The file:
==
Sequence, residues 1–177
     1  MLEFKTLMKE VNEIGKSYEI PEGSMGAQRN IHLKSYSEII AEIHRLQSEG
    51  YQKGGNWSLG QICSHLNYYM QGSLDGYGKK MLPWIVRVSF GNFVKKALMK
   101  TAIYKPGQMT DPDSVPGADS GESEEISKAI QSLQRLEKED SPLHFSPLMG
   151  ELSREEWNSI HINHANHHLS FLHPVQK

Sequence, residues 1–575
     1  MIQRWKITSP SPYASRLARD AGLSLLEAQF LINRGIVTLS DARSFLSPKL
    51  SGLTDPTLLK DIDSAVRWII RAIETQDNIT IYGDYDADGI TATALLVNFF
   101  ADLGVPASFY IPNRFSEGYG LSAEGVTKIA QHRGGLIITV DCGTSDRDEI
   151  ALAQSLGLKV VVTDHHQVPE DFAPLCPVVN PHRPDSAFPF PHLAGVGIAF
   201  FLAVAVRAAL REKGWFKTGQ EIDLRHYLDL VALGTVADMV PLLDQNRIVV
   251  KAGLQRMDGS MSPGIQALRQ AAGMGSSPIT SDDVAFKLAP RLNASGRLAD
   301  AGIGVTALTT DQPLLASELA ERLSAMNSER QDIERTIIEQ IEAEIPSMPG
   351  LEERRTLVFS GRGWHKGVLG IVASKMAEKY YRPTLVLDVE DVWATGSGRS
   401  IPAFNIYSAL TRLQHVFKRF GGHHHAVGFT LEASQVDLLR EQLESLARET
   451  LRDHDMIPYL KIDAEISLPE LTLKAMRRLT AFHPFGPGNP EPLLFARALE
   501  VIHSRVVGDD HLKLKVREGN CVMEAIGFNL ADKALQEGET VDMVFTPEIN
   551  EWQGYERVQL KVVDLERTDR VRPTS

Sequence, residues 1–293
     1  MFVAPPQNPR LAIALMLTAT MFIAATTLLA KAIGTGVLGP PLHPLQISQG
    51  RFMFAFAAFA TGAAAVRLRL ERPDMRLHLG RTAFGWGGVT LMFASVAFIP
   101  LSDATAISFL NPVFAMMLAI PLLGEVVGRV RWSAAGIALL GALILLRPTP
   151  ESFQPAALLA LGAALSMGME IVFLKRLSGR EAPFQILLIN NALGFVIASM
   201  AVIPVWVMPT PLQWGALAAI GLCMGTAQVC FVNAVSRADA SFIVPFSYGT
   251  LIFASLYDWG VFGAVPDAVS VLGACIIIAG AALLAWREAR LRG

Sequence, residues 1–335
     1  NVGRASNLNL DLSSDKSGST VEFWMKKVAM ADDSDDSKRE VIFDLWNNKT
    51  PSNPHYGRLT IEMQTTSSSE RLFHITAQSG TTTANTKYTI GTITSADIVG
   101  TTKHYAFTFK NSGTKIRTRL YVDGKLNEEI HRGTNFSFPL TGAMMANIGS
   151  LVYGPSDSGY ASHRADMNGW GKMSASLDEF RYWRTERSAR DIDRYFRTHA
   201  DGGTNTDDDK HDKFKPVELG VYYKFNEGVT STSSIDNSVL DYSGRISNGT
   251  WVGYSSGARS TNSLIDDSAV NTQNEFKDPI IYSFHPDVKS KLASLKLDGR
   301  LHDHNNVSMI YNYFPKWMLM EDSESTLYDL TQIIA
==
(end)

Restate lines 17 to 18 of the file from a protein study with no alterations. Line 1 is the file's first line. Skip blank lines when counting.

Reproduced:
   501  VIHSRVVGDD HLKLKVREGN CVMEAIGFNL ADKALQEGET VDMVFTPEIN
   551  EWQGYERVQL KVVDLERTDR VRPTS